M&A

Spitting mad

Qihoo’s Zhou fires back in latest ‘saliva war’

Jiang Chao staying cool

Staying cool: Jiang Chao

China’s netizens are no strangers to their country’s tycoons trading derisory messages on social media. The Xiaomi-LeTV rivalry is a good example. The smartphone maker and the internet media firm have been expanding into each other’s territories. Both companies have signalled an intention to make electric cars too. Hence there were heated exchanges earlier this year, leading to the unexpected accusation from LeTV’s founder Jia Yuting that his counterpart at Xiaomi, Lei Jun, had “a serious crush” on him (see WiC268).

Now there’s an even fiercer “saliva war” (the term used by netizens for such disputes). This time it involves M&A agreements between Qihoo 360, its mobile phone partner Coolpad and (again) LeTV.

The love-hate triangle was created when both Qihoo, a New York-listed software provider, and LeTV announced they would enter the smartphone market. Both identified handset firm Coolpad as an important partner.

Qihoo invested $409 million in a joint venture with Coolpad last December. But before Qiku – as the joint venture was branded – was able to launch its first devices last month, the relationship between the two appeared to have soured. That’s because the management of the smartphone maker agreed to sell an 18% stake in Coolpad to LeTV for about $350 million in June.

Qihoo made no secret of its displeasure. For $409 million it had taken a minority stake in a subsidiary of Coolpad. But LeTV spent $350 million to become the second- biggest shareholder at parent level.

Regular WiC readers will be familiar with Qihoo’s chairman and chief executive Zhou Hongyi. The 45 year-old loves to pick a fight with his larger rivals (see WiC178 for his tussle with Baidu, or WiC147 for his legal battle with Tencent). So not surprisingly, he’s been more than willing to poke his rivals in the eye over the Coolpad-LeTV deal

Before Coolpad had even announced its tie-up with LeTV, Zhou was messaging his WeChat friends warning that he would “[expletive] straight back” anyone trying to “screw” him, according to the Wall Street Journal. Addressing questions about Qihoo’s own relationship with Coolpad, Zhou was a little more oblique in his disdain, lamenting that “there is no love in Dongguan” (a Chinese city known for its prostitution trade).

Coolpad has tried to calm things down and its chairman Jiang Chao wrote several pieces on weibo suggesting that Zhou had been well informed of Coolpad’s decision to court LeTV.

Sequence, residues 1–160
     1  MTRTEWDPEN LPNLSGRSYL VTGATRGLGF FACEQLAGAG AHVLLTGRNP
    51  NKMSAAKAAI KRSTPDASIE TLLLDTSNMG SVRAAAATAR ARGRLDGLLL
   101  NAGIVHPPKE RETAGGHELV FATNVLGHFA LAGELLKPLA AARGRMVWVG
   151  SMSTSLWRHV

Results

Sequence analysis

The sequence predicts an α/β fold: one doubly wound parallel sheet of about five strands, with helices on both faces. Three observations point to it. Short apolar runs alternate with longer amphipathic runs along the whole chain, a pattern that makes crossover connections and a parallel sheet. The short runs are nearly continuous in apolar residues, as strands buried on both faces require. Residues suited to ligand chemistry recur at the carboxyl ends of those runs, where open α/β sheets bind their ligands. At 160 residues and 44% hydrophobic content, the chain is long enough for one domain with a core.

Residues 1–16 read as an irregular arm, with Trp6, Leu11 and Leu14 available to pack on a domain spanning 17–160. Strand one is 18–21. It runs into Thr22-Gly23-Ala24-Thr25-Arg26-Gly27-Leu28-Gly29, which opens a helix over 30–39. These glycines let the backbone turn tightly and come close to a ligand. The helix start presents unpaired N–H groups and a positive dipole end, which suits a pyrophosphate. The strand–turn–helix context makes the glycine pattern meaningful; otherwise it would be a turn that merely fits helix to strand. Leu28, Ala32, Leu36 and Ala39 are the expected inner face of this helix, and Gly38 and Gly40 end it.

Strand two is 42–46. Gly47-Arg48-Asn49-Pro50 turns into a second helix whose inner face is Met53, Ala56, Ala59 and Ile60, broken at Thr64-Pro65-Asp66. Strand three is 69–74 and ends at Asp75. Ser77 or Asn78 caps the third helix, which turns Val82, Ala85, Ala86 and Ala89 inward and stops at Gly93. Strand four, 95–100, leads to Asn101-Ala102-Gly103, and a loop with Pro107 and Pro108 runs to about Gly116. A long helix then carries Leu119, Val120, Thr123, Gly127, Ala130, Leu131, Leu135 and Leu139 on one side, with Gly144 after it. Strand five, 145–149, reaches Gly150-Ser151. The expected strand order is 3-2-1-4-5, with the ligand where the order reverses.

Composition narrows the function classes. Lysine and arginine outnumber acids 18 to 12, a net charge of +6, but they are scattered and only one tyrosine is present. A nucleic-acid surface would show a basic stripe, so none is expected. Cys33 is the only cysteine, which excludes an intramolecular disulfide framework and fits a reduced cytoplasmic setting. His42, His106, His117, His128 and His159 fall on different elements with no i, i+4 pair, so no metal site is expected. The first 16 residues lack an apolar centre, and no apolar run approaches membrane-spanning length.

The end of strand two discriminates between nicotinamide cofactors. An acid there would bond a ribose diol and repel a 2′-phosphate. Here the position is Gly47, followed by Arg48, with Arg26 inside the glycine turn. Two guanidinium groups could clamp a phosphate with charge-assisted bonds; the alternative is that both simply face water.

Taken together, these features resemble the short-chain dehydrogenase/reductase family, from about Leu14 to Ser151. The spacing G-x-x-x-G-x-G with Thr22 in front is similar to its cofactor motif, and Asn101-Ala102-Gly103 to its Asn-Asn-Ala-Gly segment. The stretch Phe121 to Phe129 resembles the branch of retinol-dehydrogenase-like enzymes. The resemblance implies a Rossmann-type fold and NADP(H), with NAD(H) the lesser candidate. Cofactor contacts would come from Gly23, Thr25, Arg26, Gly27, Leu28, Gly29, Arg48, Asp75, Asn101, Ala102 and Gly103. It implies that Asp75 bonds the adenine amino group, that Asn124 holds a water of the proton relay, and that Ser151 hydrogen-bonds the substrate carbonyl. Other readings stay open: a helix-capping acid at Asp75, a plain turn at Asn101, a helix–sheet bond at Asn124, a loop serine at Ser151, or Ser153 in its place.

To this claim Zhou’s riposte opted for analogy rather than personal abuse: “The little brother tells his big brother that he is going to fire a nuclear missile. The surprised big brother asks ‘When is the launch time’? But the little brother is already counting down: 5, 4, 3, 2…”

At a more practical level Qihoo said it would exercise a put option that requires Coolpad to buy out Qihoo’s entire 49.5% stake in Qiku at twice its fair value, that is to say, $1.485 billion.

The Wall Street Journal says that the dispute reflects the simmering tensions in the smartphone market, which is plagued by plunging prices, slowing sales and too many brands. But the Economic Observer wonders if the row doesn’t say something more about business life in China. Zhou’s belligerence may not help his case but the newspaper hints at a sympathetic ear for some of his complaints. “The dispute in 2011 over Alipay’s ownership stoked heated debates. And now this latest commercial battle [between Qihoo and Coolpad] has again got the world worrying that Chinese entrepreneurs don’t respect the spirit of contracts,” it suggested, referring to events four years ago when Jack Ma transferred ownership of Alipay into a separate company that he controlled, amid disagreements with Alibaba shareholders Yahoo and Softbank (see WiC112).

Could a truce be in the offing in the latest row, however? Thepaper.cn reports that Qihoo and Coolpad have been in talks to sort out their differences. “Even if it has been rainy and cloudy, eventually we will see the sun,” Coolpad’s Jiang recently wrote on his weibo.

KEEPING TRACK: WiC reported last week that Qihoo 360 was embroiled in yet another public spat with a business partner. The clash, this time with smartphone maker Coolpad, has just ended with an unexpected twist.

The pair will remain partners in their Qiku smartphone JV. But Qihoo’s stake will increase to 75%, while Coolpad’s will reduce from a majority to 25%.

Coolpad didn’t disclose the financial terms of the restructuring, which apparently has seen the Hong Kong-listed firm selling part of its Qiku stake to Qihoo. However, it did suggest that it expects a $200 million loss from the transaction. One of the likely reasons for the financial setback, analysts suggest, is that Coolpad is selling down the stake at a price well below the fair value of Qiku (or the value had Coolpad instead sold the stake to a third party). The JV was only set up last December.

KEEPING TRACK: WiC reported last week that Qihoo 360 was embroiled in yet another public spat with a business partner. The clash, this time with smartphone maker Coolpad, has just ended with an unexpected twist. The pair will remain partners in their Qiku smartphone JV. But Qihoo’s stake will increase to 75%, while Coolpad’s will reduce from a majority to 25%. Coolpad didn’t disclose the financial terms of the restructuring, which apparently has seen the Hong Kong-listed firm selling part of its Qiku stake to Qihoo. However, it did suggest that it expects a $200 million loss from the transaction. One of the likely reasons for the financial setback, analysts suggest, is that Coolpad is selling down the stake at a price well below the fair value of Qiku (or the value had Coolpad instead sold the stake to a third party). The JV was only set up last December.


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